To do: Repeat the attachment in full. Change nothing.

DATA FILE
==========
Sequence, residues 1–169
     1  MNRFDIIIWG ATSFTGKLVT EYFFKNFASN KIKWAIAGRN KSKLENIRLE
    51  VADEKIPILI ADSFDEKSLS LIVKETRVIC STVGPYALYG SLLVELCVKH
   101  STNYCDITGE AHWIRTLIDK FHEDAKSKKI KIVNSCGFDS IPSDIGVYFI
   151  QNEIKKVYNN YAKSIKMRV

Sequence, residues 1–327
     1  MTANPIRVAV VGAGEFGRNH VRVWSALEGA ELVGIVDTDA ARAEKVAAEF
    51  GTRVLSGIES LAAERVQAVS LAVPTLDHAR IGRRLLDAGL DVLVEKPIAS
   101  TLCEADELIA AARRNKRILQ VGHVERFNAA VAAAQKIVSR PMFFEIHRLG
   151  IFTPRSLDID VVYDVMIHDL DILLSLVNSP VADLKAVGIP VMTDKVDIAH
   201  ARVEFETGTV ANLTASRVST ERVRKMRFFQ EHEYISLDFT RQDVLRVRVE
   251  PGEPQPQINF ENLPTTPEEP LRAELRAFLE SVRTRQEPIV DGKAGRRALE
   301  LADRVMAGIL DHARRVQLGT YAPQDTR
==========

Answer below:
Sequence, residues 1–169
     1  MNRFDIIIWG ATSFTGKLVT EYFFKNFASN KIKWAIAGRN KSKLENIRLE
    51  VADEKIPILI ADSFDEKSLS LIVKETRVIC STVGPYALYG SLLVELCVKH
   101  STNYCDITGE AHWIRTLIDK FHEDAKSKKI KIVNSCGFDS IPSDIGVYFI
   151  QNEIKKVYNN YAKSIKMRV

Sequence, residues 1–327
     1  MTANPIRVAV VGAGEFGRNH VRVWSALEGA ELVGIVDTDA ARAEKVAAEF
    51  GTRVLSGIES LAAERVQAVS LAVPTLDHAR IGRRLLDAGL DVLVEKPIAS
   101  TLCEADELIA AARRNKRILQ VGHVERFNAA VAAAQKIVSR PMFFEIHRLG
   151  IFTPRSLDID VVYDVMIHDL DILLSLVNSP VADLKAVGIP VMTDKVDIAH
   201  ARVEFETGTV ANLTASRVST ERVRKMRFFQ EHEYISLDFT RQDVLRVRVE
   251  PGEPQPQINF ENLPTTPEEP LRAELRAFLE SVRTRQEPIV DGKAGRRALE
   301  LADRVMAGIL DHARRVQLGT YAPQDTR